Text for the day: Keyboard still king for hand-helds

PUBLISHED : Friday, 29 March, 2002, 12:00am
UPDATED : Friday, 29 March, 2002, 12:00am

Entering text has always been the biggest drawback to owning a hand-held computer. No matter how good handwriting recognition systems may become, the simple fact is that a stylus can never match the speed of a keyboard.

Back in the pioneering days of Apple's Newton, portable keyboards were a necessity - mainly because the Newton's handwriting software was so hard to master.

When Palm arrived with its Graffiti input system things became a lot easier, but not much faster.

Palm also showed us an early need for standards that still do not exist. Those old Apple keyboards would not connect to the Palm's proprietary serial port.

A small company named Landware struck gold when it released its GoType keyboard for the Palm. The GoType was ugly, it was bulky, and it felt cheap. But for less than US$40, the price was right.

The next-generation Palm brought with it a next-generation serial port, and users once again found their new hand-held was out of touch.

See a pattern forming here?

So another newcomer, named Think Outside, invented what, for my money, is still the best mobile keyboard on the market. When the Think Outside Stowaway was released two years ago, its ingenious design, which allows the keyboard to fold into a clam shell just slightly larger than a Palm, won instant admiration. So much so that one member of our staff was promptly assigned to head down to Windsor House and buy eight of them.

The feel and responsiveness of the keys was almost on a par with a Thinkpad, and the quality felt good enough to justify paying the price of two GoTypes. The Stowaway's one drawback is its flexibility. It can be used only on a flat surface.

But soon enough, Handspring, Sony and a new family of Windows CE devices began to hit the stores, and they too had a whole new range of connectors.

Both Landware and Think Outside have tried to keep up, pushing out different keyboards for each new device, but the process is slow and expensive.

IBiz Technology has managed to beat the problem, but at a cost. Its KeySync keyboard can connect to almost any PDA, simply by using a standard serial port. The drawback to this solution, however, is that you have to carry around an extra cable or hotsync cradle.

The KeySync is also bulky. As with the GoType, it does not fold. But if you have several hand-helds and don't want to buy a different keyboard for each one, this is the only option for now. It costs about US$70.

Peripherals giant Logitech has finally got in on the act, and its new keyboards look well worth investigating.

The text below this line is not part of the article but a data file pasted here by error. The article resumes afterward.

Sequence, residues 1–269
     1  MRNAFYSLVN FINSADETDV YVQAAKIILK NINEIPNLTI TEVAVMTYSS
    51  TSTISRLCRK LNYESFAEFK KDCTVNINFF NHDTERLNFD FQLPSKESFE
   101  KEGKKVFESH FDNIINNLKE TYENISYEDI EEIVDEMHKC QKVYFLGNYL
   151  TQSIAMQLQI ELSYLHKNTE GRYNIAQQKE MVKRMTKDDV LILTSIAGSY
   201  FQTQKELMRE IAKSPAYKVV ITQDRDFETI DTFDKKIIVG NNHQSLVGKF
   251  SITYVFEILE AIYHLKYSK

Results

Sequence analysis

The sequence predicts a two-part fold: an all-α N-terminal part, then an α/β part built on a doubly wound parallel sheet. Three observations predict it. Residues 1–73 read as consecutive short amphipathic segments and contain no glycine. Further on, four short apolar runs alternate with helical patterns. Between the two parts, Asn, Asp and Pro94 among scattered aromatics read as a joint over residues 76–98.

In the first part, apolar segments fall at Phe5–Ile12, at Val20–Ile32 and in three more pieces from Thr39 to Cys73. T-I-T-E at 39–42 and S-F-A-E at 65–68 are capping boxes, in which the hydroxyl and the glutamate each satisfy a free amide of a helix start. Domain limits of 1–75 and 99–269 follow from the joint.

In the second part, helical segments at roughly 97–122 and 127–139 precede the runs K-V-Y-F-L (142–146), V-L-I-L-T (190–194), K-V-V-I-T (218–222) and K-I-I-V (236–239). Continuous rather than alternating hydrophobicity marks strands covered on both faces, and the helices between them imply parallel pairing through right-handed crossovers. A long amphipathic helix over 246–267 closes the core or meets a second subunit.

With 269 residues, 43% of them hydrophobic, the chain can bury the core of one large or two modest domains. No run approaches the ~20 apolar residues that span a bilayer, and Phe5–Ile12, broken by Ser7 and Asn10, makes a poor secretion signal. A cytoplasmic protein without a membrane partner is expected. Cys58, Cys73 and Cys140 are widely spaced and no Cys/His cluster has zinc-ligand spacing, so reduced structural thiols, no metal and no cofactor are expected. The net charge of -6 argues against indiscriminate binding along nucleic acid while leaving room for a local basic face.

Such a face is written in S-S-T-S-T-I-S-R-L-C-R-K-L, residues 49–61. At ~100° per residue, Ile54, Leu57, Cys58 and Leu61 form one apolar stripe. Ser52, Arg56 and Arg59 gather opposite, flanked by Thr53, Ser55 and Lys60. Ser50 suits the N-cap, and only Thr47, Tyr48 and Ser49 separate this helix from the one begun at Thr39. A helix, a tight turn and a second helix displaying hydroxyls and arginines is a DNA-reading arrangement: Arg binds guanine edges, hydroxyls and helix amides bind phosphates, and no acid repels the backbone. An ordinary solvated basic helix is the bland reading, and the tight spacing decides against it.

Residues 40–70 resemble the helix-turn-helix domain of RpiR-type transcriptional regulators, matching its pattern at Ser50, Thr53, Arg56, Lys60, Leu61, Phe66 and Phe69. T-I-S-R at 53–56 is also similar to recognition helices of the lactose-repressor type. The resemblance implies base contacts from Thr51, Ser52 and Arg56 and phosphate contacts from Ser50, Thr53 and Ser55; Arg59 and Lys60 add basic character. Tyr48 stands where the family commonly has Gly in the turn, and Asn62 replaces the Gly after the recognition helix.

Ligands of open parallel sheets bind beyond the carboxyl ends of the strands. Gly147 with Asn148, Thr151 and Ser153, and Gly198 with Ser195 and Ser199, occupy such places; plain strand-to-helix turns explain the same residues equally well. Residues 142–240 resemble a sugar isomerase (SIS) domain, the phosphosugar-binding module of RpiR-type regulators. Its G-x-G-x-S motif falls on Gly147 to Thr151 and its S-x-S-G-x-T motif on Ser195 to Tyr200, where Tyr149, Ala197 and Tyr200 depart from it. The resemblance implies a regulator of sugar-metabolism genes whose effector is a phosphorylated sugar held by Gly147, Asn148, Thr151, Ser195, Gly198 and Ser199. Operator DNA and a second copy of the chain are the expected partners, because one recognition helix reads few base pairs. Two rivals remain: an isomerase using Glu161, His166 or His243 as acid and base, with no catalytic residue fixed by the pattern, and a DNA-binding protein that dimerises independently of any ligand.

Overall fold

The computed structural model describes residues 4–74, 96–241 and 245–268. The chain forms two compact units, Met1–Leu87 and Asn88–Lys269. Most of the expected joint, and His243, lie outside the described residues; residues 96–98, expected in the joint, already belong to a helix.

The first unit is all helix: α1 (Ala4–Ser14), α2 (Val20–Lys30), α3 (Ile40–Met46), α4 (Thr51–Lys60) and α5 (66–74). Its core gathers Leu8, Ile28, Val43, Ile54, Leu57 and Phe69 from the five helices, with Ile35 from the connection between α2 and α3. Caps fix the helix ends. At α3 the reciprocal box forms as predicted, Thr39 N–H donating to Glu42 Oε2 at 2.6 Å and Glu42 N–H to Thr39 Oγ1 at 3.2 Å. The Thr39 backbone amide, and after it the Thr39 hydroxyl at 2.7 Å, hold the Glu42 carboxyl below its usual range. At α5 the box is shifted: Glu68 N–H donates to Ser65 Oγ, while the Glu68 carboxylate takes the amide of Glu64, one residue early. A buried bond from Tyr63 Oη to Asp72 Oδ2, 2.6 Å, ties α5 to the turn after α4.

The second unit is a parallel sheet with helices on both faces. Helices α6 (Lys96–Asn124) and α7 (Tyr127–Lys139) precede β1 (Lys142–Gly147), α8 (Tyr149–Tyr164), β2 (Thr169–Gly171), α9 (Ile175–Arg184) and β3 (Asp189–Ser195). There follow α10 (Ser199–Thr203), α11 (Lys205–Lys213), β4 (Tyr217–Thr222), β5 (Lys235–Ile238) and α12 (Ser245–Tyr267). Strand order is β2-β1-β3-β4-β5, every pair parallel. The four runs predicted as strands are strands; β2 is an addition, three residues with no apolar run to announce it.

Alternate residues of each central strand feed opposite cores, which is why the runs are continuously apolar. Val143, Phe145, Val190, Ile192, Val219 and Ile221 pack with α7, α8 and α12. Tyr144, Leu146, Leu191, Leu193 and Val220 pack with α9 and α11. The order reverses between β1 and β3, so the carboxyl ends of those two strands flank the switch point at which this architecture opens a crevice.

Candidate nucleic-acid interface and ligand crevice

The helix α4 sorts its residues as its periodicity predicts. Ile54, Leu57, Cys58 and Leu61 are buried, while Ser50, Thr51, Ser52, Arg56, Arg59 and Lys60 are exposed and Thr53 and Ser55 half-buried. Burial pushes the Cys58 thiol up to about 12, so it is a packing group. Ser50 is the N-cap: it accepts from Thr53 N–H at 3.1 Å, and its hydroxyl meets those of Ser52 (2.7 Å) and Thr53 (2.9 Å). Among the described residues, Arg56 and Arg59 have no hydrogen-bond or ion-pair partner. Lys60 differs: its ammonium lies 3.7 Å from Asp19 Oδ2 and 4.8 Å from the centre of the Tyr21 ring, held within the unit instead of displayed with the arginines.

The KeyCase is the coolest Palm-based keyboard for some time. Instead of messing around with fiddly mechanics, Logitech has done away with the hardware altogether. The Keycase is made of waterproof fabric. The company is touting the KeyCase as a traveller's companion. When you have finished typing, just roll up the keyboard and pop it in your pocket. Now all we need is a waterproof Palm.

The more traditional TypeAway mimics the Stowaway by folding into its own clam shell, but it does so far less elegantly, leaving an awkward gap down the centre of the keys. Both products are due on the market next month, but a handful of online stores in the United States, such as Tech Depot and CDW, are already offering them for between US$80 and US$100.

And now that Palm has finally stopped changing its ports, this one should work with all future Palms.

No news on Handspring or Pocket PC units, but they are bound to appear eventually.

For the unorthodox approach, there is the famous Half Keyboard with its 22 keys and impossibly slow learning curve; Taiwan's Sunrex, which produces a keyboard that straps on your wrist and is small enough to wear under a jacket; and Sunrex's foldable, waterproof keyboard, the ugliness of which has to be seen.

Another cool new release is the Q-Pad, from California start-up T Device. The Q-Pad integrates the keyboard and PDA stand in a slim leather PDA cover for either Palm Vx or Visor. The drawback is you need a flat surface to type on, but the benefit is, if you carry a PDA, you will not even notice the extra baggage.

If touch-typing is not what you are after, there are now plenty of keyboards for thumb typists. Thumbpads are too small for fast input, but their compact size means they can easily be carried in a back pocket. Handy if you just need a keyboard for updating personal details or sending SMS messages.

The typical thumbpad slips over the bottom of your PDA as if it were an over-sized mitten. There is little to distinguish models, and most manufacturers have releases for the Palm, Handspring, Compaq iPaq and Sony Clie.

Among the more attractive thumbpads are the SnapNType from Hong Kong's own TT Tech (about US$39.95), Seiko's ThumBoard (US$39.95) and the Targus ThumbPad (US$39.99). The price is good, but their size will not do much for your dictation.